A government taskforce is being created to ensure all schoolchildren are given access to computers at home.
The scheme will target one million youngsters who currently do not have computers to use for homework, in a bid by the Department for Education to close the ‘digital divide’.
The provision of universal home access to computers would allow all pupils to download and complete homework from web-based ‘virtual learning environments’, the department said.
By 2008, the Government wants every child to have their own online learning space they can access anywhere.
The taskforce, which includes companies such as BT, Microsoft, Dell, Intel, RM, PC World and parent and governor groups, will also look at the best ways to equip schools to raise student attainment in information and computer technology (ICT).
It is set to report back to the government in 18 months.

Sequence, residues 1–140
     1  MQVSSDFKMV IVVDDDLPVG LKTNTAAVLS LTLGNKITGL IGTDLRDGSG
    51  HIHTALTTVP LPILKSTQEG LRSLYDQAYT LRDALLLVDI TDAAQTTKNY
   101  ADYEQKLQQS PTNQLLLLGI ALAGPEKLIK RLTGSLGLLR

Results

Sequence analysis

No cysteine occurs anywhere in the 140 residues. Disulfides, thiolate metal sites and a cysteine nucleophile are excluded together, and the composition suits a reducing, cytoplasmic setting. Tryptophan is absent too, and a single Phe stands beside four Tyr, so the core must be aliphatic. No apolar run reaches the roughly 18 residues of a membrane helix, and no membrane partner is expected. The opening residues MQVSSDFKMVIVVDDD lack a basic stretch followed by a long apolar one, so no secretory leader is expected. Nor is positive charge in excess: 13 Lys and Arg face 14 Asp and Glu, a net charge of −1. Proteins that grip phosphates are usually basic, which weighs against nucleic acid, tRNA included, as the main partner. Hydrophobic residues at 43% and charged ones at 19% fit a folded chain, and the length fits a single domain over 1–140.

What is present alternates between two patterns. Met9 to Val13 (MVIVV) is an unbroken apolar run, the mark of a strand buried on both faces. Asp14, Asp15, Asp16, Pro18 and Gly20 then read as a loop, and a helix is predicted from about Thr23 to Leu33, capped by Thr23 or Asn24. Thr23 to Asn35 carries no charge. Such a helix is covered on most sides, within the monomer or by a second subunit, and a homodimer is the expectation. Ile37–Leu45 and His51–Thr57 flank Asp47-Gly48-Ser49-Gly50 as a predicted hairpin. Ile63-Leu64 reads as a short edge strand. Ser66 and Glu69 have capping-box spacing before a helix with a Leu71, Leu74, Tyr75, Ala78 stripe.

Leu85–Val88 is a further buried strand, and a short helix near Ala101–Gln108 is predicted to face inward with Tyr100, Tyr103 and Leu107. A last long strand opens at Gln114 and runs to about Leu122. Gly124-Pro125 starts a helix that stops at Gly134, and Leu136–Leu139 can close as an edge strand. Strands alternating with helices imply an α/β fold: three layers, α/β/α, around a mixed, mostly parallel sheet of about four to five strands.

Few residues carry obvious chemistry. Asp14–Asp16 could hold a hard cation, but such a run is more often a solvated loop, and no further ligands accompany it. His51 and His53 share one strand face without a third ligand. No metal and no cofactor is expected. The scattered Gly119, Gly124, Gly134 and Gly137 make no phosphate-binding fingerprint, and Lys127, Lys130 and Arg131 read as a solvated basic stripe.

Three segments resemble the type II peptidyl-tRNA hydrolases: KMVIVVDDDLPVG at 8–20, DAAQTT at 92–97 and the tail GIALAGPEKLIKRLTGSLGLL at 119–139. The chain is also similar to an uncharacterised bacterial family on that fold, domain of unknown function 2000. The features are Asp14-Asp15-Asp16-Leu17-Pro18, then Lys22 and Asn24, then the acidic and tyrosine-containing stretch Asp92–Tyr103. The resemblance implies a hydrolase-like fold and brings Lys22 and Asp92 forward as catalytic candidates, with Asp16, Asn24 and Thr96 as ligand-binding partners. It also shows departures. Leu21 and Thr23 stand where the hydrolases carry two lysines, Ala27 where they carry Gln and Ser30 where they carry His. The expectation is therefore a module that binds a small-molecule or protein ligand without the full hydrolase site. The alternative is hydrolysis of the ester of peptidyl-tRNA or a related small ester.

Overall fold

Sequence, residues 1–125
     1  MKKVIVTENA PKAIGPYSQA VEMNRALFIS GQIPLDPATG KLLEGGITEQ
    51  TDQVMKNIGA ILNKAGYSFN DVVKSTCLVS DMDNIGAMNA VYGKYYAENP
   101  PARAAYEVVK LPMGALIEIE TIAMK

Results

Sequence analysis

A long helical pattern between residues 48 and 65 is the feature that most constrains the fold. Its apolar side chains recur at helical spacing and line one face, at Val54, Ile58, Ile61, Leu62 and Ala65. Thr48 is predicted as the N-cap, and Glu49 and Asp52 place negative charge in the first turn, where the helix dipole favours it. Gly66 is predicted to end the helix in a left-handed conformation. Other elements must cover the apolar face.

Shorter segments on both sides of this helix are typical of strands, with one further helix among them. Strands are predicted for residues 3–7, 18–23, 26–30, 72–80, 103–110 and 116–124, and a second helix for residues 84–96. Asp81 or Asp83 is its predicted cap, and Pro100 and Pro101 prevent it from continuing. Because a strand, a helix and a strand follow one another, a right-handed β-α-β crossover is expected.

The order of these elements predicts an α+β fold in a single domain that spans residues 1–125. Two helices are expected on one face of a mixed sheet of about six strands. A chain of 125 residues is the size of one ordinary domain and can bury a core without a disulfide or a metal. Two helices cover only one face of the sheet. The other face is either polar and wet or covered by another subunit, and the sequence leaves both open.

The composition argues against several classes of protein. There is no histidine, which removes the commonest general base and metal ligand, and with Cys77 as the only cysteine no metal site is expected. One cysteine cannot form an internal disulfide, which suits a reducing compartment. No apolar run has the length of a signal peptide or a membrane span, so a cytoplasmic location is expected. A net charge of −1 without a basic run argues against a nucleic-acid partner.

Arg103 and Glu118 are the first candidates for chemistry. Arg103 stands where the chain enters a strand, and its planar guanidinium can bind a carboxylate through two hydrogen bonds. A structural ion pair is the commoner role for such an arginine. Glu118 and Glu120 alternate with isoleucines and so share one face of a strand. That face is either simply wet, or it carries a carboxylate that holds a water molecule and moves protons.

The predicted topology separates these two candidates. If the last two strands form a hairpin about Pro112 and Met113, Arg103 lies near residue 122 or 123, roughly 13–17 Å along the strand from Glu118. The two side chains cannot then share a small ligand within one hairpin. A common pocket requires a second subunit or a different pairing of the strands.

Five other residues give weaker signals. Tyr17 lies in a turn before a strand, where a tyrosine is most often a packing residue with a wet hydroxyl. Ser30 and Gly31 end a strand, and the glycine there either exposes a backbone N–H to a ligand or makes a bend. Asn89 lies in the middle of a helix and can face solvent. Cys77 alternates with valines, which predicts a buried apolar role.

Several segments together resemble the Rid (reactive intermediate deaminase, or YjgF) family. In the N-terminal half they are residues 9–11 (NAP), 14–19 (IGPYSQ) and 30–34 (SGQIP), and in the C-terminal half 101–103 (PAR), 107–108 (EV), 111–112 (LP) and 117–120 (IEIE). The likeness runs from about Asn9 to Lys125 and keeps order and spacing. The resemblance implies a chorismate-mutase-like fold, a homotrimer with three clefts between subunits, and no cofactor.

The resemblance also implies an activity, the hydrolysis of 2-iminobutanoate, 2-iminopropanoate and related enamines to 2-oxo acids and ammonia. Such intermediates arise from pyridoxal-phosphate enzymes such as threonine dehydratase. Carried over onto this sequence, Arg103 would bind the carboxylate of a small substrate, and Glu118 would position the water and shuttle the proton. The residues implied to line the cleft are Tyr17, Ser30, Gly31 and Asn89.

Proposals could include extending existing cheap computer leasing schemes for parents, and the taskforce will advise ministers on how pupils could use technology ranging from interactive digital TV to internet-linked games consoles, the government said.
Schools Minister Jim Knight said: ‘ICT is revolutionising the way we live our lives and I want every child to have access to the technology that we take for granted in our adult working lives.
‘It is not acceptable for there to be a digital divide which denies some young people raising their attainment or give them lifelong skills.’
He went on: ‘Good teaching and parental involvement is the key to effective learning – but giving young people the freedom to do their homework and coursework whenever and wherever they need could completely change the face of education.
‘We want to work together with the IT industry, voluntary sector and education providers to give every young person access to learning materials – be it at school, home or through extended schools.’
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